That's what he told readers in an NYT column today. Paulson wrote:
"China’s economic output expanded nearly six-fold between 2002 and 2012, from $1.5 trillion to $8.3 trillion."
It appears that Paulson took China's GDP in nominal dollars. This distorts its actual growth both because more inflation in the United States would imply more rapid growth in China by this measure and also because much of the rise was simply an increase in the value of the yuan against the dollar.
The more standard measure would be inflation adjusted growth measured in China's currency. This still comes to an extraordinary 10.7 percent annual rate, but that's hugely different from the 18.7 percent rate implied by Paulson's numbers.
This raises two disturbing questions. Is Paulson really that ignorant of both China's economy and world growth data more generally? No one who has been through an intro econ class should ever mistake real and nominal growth like this. By Paulson's measure, countries throughout the world experienced enormous growth in the 1970s because of inflation in the United States. This confusion is kind of scary for a person who both ran the country largest investment bank (Goldman Sachs) and was Treasury Secretary as the bursting of the housing bubble gave the country the worst downturn since the Great Depression.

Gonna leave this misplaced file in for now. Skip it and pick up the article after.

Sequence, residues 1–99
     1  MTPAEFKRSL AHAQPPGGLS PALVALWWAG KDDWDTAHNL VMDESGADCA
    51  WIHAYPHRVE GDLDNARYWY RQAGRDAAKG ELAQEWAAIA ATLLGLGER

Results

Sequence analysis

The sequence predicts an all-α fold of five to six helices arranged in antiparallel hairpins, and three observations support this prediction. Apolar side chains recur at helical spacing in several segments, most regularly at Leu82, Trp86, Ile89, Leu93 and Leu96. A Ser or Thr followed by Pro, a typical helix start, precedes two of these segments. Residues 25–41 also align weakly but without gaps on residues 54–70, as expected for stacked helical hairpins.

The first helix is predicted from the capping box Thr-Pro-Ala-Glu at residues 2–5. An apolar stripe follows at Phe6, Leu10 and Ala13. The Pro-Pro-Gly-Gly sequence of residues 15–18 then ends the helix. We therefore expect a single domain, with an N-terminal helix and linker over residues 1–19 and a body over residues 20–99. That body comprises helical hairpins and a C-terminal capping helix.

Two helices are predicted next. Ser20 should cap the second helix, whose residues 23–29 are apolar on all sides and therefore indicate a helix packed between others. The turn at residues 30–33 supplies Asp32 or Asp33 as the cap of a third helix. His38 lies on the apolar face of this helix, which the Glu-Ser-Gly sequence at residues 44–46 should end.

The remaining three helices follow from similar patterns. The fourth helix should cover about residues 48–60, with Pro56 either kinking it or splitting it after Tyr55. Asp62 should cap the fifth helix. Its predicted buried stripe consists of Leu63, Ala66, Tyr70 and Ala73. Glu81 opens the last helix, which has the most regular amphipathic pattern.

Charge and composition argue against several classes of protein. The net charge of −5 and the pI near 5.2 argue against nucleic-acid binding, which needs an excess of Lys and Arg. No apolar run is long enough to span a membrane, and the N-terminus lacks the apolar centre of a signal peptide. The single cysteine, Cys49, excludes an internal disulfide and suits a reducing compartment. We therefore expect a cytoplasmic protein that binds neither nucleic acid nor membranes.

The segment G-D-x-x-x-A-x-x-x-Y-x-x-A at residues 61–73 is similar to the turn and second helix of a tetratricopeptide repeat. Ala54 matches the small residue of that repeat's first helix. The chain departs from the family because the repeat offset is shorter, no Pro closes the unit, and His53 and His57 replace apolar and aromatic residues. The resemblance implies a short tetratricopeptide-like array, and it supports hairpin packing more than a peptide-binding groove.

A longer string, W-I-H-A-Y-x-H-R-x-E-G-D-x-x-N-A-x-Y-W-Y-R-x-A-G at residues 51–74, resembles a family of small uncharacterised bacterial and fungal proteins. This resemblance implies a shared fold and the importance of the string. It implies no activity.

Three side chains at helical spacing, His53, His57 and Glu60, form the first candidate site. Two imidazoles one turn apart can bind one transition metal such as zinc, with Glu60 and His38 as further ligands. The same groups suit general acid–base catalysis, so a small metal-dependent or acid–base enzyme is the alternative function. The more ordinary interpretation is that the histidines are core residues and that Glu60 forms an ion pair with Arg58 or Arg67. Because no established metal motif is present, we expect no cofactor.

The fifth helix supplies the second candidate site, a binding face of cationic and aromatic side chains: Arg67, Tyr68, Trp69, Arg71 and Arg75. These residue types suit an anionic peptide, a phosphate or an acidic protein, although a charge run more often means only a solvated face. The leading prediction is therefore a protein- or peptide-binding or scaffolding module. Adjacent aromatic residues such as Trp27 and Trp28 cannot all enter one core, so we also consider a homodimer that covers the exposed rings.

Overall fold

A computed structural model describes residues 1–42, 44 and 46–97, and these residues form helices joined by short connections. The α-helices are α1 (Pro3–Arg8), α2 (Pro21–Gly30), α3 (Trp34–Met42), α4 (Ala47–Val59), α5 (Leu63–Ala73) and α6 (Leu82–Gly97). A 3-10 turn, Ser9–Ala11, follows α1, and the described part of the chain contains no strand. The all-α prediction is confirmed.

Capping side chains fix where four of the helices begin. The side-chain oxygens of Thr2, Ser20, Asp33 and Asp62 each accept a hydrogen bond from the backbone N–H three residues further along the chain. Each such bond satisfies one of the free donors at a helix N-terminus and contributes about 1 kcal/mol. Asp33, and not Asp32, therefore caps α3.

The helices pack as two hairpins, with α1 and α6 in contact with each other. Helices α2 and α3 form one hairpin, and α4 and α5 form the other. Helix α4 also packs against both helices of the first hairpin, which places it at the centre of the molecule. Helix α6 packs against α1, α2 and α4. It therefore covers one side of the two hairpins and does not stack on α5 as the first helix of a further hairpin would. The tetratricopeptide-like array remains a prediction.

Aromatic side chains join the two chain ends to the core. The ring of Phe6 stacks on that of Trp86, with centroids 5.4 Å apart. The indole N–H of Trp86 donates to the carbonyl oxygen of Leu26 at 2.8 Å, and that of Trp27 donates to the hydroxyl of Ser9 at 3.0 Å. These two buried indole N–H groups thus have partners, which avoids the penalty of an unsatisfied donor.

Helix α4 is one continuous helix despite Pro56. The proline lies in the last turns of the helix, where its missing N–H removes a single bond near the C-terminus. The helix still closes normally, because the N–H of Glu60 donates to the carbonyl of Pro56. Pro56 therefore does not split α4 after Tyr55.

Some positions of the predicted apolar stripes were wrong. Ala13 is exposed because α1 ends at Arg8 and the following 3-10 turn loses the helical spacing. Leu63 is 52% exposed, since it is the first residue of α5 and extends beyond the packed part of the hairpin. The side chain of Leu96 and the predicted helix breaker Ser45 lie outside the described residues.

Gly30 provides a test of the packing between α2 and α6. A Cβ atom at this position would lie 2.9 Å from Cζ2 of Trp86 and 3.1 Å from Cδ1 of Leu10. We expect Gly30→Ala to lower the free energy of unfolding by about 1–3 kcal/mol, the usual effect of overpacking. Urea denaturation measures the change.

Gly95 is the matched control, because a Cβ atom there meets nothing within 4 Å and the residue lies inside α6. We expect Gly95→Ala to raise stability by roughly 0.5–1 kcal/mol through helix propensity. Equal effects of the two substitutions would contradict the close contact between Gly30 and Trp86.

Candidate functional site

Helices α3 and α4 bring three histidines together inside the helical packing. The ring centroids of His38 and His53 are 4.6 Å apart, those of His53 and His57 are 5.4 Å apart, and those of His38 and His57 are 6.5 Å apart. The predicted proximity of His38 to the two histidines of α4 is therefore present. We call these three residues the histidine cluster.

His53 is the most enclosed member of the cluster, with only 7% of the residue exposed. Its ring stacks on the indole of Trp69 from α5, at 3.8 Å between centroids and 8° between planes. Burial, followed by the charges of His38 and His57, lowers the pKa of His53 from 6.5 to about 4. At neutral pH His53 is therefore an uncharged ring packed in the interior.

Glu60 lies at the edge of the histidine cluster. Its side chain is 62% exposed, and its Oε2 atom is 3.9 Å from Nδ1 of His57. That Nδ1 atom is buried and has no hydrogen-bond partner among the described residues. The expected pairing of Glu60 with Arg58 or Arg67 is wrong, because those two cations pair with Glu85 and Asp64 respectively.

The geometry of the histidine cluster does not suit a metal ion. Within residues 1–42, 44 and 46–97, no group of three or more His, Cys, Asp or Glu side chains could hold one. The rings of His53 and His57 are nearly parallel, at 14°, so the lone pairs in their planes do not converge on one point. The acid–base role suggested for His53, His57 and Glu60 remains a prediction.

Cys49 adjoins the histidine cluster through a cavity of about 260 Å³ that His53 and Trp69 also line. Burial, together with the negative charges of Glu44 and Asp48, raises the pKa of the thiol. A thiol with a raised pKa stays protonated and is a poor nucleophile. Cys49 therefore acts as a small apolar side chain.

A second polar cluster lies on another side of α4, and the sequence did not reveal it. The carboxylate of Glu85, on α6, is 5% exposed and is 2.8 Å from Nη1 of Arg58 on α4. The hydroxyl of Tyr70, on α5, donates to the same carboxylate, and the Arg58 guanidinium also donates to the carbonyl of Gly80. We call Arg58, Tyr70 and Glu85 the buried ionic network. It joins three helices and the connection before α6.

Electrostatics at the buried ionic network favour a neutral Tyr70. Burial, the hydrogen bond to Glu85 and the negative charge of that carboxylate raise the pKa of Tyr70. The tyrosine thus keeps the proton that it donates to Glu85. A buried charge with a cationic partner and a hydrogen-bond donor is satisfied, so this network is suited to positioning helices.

The other question is whether the NYT suspends its fact-checking for prominent people like Henry Paulson. I have written columns for the NYT. I was asked to document every specific claim in my piece. That is appropriate and good journalistic practice for a newspaper that wants to ensure that the arguments it presents on its opinion page are based in reality. It is hard to believe that any fact-checker would have accepted Paulson's claims about the size of China's economy increasing six-fold from 2002-2012.
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